27 February, 2018 Posted by Frida Arriola

Bordado en punta de cruz - Indie Gen - Artesanas - Bordado Mexicano

 

The cross-stitch technique is one of the fundamental bases from which Indie Gen was born. Fidelia, our first artisan collaborator is a descendant of a great lineage of cross-stitch embroiderers, a fascinating technique, full of history and culture.

To identify embroidery with cross-stitch technique, we must pay attention to the stitches, although different types are used. The main one is in the form of small “X”, combining them in different colors to create really beautiful figures.

 

Mexican cross stitch embroidered

 

This beautiful technique of embroidery is one of the oldest in the world, its not known with certainty who created it or where it was born, but it is believed that it was in Central Asia almost 3,000 years ago, since fragments of cloth have been found in archaeological sites with this type of technique.

It was in Europe, during the Middle Ages, that the technique began to be used frequently and to expand; it was the traditional hobby of women and gave it many uses, for example, to decorate tablecloths, rugs, make drawings, pictures, clothes and one of the ones I find most incredible: to learn to read and write.

Literally, for many women (and their children) embroidery in the cross-stitch technique was the way they began to write, this practice was so popular that works of embroidery known as “Samplers”, where the alphabet and numbers were embroidered, began to appear to practice reading and writing.

 

Cross stitch sampler

 

Cross-stitch was evolving over time along with the textile industry since more fabrics, threads, and colors could produce more possibilities. This opened up the creativity of this ancient technique. This generated a greater expansion, and therefore the technique began to be known by practically all women in Europe, who happily practiced in their homes.

In the Sixteenth century, Spain began to give a more artistic style to this technique, as they exquisitely decorated the monarch clothes using cross-stitch, technique that therefore ended up expanding through out Europe.

Regarding our Mexico, embroidery and all its techniques, including cross- stitch, we owe to Europe, since it was introduced by Spain after the conquest. In the Pre-Hispanic Era embroidery was not practiced, for the fundamental reason that the steel needle didn’t exist, which is an indispensable element to embroider.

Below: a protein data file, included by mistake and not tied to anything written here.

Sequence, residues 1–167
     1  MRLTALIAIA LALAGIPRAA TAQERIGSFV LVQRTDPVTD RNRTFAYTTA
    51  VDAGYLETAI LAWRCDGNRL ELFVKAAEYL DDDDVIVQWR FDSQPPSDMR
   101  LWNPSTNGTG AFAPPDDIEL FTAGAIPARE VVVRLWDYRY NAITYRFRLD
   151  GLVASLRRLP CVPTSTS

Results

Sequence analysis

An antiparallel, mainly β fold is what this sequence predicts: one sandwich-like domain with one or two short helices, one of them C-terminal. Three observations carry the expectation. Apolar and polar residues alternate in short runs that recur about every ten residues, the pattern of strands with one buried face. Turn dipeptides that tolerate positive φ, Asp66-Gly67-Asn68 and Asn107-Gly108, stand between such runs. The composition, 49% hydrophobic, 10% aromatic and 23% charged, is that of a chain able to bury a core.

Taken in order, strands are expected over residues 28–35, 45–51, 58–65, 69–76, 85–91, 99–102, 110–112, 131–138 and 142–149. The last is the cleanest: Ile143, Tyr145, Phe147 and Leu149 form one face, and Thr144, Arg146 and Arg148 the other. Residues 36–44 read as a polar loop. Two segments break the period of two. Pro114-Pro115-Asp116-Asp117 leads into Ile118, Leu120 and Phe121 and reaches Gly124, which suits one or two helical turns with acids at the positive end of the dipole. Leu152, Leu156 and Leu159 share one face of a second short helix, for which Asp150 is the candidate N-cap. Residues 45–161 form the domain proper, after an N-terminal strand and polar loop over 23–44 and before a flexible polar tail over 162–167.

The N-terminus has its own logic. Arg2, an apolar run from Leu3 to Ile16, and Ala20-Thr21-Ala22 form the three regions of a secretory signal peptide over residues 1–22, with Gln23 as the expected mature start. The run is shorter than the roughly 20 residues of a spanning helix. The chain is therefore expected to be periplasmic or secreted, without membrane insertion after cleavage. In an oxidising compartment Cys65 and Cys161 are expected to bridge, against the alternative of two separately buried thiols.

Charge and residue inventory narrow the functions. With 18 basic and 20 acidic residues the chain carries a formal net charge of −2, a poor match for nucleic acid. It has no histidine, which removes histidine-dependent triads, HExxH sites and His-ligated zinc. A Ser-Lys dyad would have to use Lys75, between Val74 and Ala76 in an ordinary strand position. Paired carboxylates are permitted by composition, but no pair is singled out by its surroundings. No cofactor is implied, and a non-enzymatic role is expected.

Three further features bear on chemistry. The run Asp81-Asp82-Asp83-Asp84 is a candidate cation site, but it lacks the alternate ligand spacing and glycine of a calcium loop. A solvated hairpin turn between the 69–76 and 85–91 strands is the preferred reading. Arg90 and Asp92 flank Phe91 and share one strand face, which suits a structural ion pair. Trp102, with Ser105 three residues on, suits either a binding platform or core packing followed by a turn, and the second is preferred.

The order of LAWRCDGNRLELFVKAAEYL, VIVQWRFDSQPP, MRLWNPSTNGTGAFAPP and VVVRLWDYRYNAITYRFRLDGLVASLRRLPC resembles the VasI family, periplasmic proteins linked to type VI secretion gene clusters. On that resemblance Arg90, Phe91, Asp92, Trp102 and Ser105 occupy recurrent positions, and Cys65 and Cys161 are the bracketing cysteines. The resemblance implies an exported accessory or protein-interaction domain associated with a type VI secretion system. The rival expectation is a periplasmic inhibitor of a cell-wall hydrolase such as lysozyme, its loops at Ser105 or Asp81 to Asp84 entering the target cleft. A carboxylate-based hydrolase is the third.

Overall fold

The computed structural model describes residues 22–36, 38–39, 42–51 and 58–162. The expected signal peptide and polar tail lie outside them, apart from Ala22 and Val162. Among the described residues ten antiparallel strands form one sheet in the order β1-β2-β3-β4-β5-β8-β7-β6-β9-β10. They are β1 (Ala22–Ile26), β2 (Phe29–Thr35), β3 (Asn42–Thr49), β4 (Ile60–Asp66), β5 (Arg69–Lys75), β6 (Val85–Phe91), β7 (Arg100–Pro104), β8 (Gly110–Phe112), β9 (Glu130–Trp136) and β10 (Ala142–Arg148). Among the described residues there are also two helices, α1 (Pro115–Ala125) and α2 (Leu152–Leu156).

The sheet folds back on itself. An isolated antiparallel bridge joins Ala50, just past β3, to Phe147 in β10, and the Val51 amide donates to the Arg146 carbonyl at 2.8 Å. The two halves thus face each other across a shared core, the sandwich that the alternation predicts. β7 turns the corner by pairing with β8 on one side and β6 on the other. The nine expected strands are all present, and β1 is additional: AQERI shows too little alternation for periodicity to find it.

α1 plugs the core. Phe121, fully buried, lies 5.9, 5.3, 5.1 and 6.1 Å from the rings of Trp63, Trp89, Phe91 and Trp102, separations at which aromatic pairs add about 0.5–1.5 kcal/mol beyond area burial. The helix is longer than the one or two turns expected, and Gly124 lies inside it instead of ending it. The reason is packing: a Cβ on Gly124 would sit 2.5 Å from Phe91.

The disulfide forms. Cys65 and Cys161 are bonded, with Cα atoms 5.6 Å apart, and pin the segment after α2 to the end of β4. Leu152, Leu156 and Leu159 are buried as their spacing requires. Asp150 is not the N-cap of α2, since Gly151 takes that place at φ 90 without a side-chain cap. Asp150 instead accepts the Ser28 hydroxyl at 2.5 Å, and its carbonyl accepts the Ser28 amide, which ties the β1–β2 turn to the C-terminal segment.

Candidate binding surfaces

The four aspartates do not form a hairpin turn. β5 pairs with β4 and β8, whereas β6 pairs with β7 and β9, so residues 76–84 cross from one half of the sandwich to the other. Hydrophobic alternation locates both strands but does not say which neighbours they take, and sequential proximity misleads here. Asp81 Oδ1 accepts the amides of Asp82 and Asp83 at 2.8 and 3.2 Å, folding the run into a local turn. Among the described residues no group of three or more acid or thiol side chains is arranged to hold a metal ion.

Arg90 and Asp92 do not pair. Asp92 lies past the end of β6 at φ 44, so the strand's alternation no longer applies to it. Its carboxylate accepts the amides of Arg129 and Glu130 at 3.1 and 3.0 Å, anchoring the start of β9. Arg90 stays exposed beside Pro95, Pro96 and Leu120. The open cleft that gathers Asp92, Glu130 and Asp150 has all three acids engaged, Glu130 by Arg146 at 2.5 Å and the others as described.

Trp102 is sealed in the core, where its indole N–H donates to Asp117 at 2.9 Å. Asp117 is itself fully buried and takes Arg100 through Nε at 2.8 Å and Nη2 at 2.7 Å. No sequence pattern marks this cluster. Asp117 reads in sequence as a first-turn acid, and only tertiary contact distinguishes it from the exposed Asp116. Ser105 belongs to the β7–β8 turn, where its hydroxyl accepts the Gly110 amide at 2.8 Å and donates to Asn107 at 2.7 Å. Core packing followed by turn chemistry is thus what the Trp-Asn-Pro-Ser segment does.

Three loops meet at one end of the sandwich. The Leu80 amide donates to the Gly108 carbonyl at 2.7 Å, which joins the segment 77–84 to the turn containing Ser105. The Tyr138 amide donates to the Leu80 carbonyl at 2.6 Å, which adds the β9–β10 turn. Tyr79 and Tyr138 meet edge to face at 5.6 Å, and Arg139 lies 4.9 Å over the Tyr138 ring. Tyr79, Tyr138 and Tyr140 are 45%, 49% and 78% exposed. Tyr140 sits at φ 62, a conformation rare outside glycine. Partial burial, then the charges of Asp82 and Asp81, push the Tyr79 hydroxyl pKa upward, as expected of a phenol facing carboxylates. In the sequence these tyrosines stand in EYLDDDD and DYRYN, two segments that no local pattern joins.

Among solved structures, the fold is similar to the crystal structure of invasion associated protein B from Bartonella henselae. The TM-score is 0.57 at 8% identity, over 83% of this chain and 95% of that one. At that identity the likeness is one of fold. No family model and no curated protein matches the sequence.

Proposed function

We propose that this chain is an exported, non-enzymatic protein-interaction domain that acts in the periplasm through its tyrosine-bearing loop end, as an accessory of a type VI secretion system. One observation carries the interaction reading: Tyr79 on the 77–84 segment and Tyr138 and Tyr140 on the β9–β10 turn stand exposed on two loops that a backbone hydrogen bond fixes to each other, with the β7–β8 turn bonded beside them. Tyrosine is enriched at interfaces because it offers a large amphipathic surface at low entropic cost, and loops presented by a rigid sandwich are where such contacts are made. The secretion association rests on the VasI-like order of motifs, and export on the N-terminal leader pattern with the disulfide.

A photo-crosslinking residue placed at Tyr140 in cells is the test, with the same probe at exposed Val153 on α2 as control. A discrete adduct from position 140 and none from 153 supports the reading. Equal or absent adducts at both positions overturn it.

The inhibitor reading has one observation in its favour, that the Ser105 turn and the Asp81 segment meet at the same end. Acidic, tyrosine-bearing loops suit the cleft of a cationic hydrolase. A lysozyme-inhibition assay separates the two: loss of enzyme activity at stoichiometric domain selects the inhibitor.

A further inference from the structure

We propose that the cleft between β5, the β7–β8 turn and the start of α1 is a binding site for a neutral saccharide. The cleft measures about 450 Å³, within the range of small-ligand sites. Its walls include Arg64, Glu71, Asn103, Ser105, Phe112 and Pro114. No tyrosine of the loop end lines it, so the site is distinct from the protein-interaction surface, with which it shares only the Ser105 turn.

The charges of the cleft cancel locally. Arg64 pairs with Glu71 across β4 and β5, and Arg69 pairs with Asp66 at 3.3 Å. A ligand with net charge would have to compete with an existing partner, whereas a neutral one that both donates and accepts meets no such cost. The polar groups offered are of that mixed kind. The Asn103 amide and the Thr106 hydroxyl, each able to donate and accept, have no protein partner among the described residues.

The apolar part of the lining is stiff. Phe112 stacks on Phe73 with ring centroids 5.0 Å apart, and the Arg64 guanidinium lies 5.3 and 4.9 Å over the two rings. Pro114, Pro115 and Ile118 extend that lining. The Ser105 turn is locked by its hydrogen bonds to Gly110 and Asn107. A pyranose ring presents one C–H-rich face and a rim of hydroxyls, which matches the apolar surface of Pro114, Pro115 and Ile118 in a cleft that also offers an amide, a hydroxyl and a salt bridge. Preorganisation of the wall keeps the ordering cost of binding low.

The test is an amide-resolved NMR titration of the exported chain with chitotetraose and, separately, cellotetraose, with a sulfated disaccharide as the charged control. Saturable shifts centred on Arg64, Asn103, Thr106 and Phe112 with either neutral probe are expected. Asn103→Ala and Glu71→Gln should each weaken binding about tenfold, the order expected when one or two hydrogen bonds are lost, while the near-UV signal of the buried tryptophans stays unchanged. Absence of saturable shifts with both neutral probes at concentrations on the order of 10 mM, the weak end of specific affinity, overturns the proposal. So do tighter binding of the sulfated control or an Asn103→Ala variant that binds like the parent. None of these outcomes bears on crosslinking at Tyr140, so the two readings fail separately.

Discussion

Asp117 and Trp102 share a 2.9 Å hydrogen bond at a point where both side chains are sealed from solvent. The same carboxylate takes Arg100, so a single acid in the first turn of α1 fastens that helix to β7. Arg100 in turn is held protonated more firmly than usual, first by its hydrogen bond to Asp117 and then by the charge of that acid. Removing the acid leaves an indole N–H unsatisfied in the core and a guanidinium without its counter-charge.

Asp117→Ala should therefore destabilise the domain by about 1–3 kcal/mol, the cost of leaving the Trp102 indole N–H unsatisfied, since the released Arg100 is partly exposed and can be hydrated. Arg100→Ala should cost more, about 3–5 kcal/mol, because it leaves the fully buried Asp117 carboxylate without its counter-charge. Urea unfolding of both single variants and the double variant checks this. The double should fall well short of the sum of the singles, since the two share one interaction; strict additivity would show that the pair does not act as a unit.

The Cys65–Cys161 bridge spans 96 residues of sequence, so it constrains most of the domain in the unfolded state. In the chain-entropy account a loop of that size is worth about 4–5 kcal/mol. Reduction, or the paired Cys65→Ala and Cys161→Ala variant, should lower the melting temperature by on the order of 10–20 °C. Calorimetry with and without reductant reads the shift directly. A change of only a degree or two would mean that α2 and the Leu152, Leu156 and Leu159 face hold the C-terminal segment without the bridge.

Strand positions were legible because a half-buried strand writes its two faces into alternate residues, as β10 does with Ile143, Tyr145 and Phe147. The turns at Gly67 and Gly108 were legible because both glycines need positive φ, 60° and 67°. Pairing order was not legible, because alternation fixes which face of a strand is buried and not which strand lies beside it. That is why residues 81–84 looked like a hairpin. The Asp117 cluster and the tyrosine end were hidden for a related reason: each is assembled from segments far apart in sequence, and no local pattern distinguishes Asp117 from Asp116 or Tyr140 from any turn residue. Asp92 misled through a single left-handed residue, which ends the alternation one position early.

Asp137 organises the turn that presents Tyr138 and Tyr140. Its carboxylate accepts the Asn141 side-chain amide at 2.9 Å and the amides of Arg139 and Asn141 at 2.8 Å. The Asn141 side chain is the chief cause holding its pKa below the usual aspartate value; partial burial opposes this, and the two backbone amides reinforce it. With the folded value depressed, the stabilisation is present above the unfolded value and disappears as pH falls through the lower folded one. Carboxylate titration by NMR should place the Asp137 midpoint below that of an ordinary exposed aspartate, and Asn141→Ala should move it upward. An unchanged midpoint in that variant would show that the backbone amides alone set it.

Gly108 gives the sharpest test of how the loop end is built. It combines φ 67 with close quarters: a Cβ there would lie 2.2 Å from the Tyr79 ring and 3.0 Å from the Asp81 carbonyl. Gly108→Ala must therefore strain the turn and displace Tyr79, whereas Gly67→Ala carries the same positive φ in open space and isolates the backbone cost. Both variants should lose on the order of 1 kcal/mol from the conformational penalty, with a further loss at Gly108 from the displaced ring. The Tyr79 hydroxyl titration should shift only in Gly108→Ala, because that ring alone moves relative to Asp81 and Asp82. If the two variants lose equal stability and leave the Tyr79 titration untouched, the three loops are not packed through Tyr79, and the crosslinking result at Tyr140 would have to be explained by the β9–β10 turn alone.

Undoubtedly, we believe that Mexico is one of the countries that benefited the most from these teachings. Since it took the textile knowledge of the cross-stitch technique, embracing it in a way as if its soul was left imprinted, making it their own and creating authentic textile art, with a special touch that only the Indigenous people from Mexico could have given it, highlighting with a creative combination of bright colors, making the embroideries come alive.

 

Cross stitch embroidery mexican jacket indie gen

 

The main Mexican states that practice cross stitch embroidery have customized this technique giving it a special touch, so we can identify the many differences between different regions of Mexico, for example in Yucatan they use a very fine thread and perfectly formed crosses, as a support they use a squared cloth called Canevà which they place as a reference on the fabric to be embroidered and therefore can be guided to embroider cross by cross. This embroidery is also known in Yucatan as hilo contado or counted thread, because while using the Canevà they count every cross to create their design. On the contrary, in Chiapas they embroider with thick yarn, which created crosses that are thicker, and instead of using Canevà, they draw a grid on the fabric or unthread the fabric thread by thread in order to create their crosses; a technique that takes longer.

These techniques were passed from generation to generation by Mexican artisans, which have survived until today, as we see for example with Fidelia and her family, a whole lineage of cross stitch embroiderers, that we wish with all our heart to continue practicing for many more years.

We have started to think what would the Asian pioneers say now about this technique? Most likely they would be amazed to known that their art is practiced and honored by so many different countries and cultures. Would they have thought of the possibility that their technique would travel around the world and survived through so many years? When we connect with our heart, creating our own art we are probably building something that in years will be recognized and admired by the entire world.  Although we don’t know...

 

 

References.

http://elblogdedmc.blogspot.mx/2012/03/historia-del-punto-de-cruz-y-el-bordado.html

http://masdemx.com/2016/07/arte-textil-y-bordados-indigenas-de-mexico-una-guia-para-distinguir-los-distintos-tipos/

https://es.wikipedia.org/wiki/Punto_de_cruz

Tags:

  • artisanal
  • cross-stitch
  • embroidery
  • handmade
  • México
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